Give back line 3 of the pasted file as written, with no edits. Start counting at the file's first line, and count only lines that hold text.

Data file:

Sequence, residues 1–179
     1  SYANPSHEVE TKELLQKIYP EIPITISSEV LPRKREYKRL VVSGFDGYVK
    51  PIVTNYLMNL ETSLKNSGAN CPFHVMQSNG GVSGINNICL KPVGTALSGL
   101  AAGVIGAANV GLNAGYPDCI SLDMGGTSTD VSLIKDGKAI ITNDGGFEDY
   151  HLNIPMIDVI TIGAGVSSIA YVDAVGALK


    51  PIVTNYLMNL ETSLKNSGAN CPFHVMQSNG GVSGINNICL KPVGTALSGL